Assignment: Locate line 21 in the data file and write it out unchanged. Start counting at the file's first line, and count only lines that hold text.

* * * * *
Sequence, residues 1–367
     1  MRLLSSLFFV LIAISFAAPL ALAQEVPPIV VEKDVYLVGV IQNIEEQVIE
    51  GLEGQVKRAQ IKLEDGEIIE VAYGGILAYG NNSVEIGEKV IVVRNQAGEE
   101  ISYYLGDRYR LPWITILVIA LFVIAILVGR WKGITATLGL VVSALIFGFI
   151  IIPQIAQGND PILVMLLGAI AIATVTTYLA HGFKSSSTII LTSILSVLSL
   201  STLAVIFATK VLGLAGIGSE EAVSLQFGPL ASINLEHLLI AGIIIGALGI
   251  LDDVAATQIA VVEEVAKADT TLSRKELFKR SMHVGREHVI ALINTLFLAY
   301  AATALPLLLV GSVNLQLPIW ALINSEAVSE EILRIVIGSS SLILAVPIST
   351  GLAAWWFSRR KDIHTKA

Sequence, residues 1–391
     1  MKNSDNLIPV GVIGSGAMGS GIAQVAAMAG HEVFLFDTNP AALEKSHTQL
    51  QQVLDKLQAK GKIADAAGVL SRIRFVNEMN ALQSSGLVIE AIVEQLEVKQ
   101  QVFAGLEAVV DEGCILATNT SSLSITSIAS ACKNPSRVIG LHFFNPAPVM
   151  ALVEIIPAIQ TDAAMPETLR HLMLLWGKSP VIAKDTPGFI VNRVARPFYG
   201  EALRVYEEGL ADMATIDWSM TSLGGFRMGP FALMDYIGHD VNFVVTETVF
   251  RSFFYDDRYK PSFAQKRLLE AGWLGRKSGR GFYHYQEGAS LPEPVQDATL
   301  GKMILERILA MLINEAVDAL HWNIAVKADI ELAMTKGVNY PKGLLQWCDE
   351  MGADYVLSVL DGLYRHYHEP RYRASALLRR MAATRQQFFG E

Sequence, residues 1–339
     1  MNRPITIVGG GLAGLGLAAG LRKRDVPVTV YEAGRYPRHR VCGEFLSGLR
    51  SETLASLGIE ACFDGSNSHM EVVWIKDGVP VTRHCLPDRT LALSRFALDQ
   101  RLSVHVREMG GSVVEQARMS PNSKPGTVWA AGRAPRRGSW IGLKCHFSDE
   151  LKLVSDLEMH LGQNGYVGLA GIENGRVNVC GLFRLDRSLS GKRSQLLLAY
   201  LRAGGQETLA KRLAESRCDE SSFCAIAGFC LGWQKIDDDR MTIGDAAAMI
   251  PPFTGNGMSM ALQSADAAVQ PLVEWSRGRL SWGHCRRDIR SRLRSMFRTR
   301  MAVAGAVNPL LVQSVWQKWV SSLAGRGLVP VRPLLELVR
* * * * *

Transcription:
    51  SETLASLGIE ACFDGSNSHM EVVWIKDGVP VTRHCLPDRT LALSRFALDQ